Andy Chow

Andy Chow is a general assignment state government reporter who focuses on environmental, energy, agriculture, and education-related issues. He started his journalism career as an associate producer with ABC 6/FOX 28 in Columbus before becoming a producer with WBNS 10TV.

Andy gained his in-depth knowledge of Statehouse issues while working for Hannah News Service, an online-based news and research publication. He also participated in the Legislative Service Commission’s Fellowship program as a production assistant for “The Ohio Channel.”

Andy earned his Bachelor of Arts degree in broadcasting at Otterbein University and took part in the Washington Semester program through American University in Washington, D.C.

A vocal critic of charter schools is asking the state to step in and block a major move by its largest online charter school. There’s concern that a planned switch to a new designation by the school could game the state out of taxpayer money.

In most of Ohio, the kids are back in school, and more than 800,000 of them ride buses to class each day. Figuring out the most efficient and most cost-effective way to do that is a complex equation. And it’s become more important now with student transportation taking a big hit in the new state budget. 

New limits on prescription painkillers took effect yesterday. And the state says prescription opioid deaths are down from a peak in 2011, and the number of heroin deaths last year was the same as in 2015. But now, deaths from illicit drugs such as cocaine and meth have spiked. 

More than 4,000 people died of a drug overdose last year in Ohio. That death toll went up by 33 percent over the previous year. And while Gov. John Kasich is rolling out more ways to crack down on painkiller prescriptions, critics believe there’s an obvious resource that’s not being utilized in the opioid crisis.

After a fiscal year that showed budget estimates were off for 11 months, a pair of Republican lawmakers wants to change up the budget-making process. They want to create a panel to look at the state’s economic forecast on a more consistent basis. This could ultimately circumvent the process around the governor’s office.

There is a fear nationwide that the same kind of hate march that happened in Charlottesville could happen again, even in Ohio. A variety of community groups gathered in Columbus to talk about hate and how to respond in its wake.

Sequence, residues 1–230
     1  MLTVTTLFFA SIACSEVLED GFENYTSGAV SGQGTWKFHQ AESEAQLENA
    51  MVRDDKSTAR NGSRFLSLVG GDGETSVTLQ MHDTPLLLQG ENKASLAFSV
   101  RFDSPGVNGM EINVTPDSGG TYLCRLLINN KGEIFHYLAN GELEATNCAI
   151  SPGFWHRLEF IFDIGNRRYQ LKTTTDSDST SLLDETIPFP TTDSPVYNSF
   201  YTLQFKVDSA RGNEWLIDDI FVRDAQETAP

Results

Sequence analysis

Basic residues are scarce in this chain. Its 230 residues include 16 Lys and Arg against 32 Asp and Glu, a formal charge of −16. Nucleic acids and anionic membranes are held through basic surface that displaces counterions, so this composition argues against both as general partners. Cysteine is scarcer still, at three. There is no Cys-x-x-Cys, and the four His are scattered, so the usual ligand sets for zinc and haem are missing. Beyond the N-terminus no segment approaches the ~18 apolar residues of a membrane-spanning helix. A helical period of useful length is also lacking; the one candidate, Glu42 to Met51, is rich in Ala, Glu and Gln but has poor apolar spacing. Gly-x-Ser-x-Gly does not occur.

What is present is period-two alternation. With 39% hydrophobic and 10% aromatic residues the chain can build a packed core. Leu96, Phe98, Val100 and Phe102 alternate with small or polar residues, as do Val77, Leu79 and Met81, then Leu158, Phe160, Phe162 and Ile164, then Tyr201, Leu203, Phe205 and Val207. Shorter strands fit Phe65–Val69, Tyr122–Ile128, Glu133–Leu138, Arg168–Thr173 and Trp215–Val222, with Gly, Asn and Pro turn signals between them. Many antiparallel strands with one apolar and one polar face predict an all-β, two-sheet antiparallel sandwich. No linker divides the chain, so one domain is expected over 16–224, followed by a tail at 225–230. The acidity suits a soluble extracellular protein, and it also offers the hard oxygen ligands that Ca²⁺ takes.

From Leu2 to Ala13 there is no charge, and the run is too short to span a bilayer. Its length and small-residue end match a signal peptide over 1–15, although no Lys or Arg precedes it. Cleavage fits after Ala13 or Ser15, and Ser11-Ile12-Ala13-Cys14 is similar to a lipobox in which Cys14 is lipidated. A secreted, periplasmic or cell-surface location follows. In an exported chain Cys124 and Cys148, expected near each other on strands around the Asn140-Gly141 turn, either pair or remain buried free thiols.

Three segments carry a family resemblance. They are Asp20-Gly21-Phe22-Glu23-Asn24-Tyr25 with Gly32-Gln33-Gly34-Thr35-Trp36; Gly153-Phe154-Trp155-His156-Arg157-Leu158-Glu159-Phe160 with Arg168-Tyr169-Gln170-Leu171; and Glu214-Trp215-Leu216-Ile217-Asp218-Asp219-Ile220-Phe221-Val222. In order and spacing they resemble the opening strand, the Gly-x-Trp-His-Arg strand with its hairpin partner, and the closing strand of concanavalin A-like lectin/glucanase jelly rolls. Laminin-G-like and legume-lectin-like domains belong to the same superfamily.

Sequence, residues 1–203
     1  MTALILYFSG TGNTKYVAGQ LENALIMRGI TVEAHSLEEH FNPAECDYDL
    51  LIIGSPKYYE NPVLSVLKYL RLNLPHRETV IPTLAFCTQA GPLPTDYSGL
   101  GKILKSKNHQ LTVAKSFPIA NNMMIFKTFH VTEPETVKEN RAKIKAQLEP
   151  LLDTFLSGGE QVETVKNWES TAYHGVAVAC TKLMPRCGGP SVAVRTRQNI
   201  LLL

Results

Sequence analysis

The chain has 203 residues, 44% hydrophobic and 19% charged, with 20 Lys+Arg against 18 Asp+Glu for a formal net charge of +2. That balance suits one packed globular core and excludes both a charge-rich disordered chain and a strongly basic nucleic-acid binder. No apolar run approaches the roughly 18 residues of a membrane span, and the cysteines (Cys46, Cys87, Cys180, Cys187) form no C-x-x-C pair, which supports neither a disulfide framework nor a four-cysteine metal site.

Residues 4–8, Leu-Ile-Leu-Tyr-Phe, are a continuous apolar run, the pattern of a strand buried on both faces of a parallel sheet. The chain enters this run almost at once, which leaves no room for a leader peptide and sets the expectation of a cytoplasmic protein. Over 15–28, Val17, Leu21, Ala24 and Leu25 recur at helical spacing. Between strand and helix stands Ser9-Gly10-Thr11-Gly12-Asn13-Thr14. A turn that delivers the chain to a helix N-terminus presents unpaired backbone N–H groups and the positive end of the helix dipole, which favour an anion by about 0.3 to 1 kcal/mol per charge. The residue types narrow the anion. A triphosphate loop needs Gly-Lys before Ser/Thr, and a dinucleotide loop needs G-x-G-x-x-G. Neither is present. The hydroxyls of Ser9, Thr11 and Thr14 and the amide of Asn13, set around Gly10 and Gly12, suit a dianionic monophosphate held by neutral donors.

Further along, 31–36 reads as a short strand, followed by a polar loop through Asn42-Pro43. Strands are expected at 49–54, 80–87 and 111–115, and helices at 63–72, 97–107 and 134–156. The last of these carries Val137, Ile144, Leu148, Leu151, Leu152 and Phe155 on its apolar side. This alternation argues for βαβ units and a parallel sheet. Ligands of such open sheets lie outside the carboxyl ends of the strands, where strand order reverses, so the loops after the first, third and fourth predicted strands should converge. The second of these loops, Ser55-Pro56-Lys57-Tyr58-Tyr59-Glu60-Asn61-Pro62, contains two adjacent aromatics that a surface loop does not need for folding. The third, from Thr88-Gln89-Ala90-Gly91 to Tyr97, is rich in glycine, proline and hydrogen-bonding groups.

The embattled online charter school that’s had funding pulled back several times because of attendance and participation discrepancies is making a big move. The Electronic Classroom of Tomorrow is planning on becoming a dropout recovery school. 

For the first time in four decades the state Legislature has gone over the governor’s head to implement policy in the budget without his approval. 

Republican leaders are ready to deliver another blow to Gov. John Kasich. The Senate is likely to give final approval to at least some veto overrides that started in the House. The vote would be more than just a symbolic loss of power for the Kasich Administration.

The Democrats vying for the party’s gubernatorial nomination are starting to churn out more endorsements before next month’s first primary debate. 

As of now, someone who wants to start their own business in Ohio can do it completely online. That process has gone from an average waiting period of four days to four hours.

State lawmakers are gearing up for another round in the fight over renewable energy mandates. While opponents say they’re a financial burden, supporters say they help cut down on air pollution, which then improves respiratory health. There's a part of Ohio where the risk for experiencing breathing problems is one of the highest in the country.

The ballot language for issues voters will see during this November’s election has been finalized. One side is making sure to highlight a certain section of the language.

Gov. John Kasich has turned up the heat on President Donald Trump in the aftermath of Trump’s shaky position on white nationalists, neo-Nazis, the KKK and other hate groups. This marks another turn in the evolution of Kasich’s relationship with the Trump Administration.

There are important “do’s” and “don'ts” to protesting, according to a group that’s holding a workshop in Columbus to teach people how to demonstrate within their constitutional rights. 

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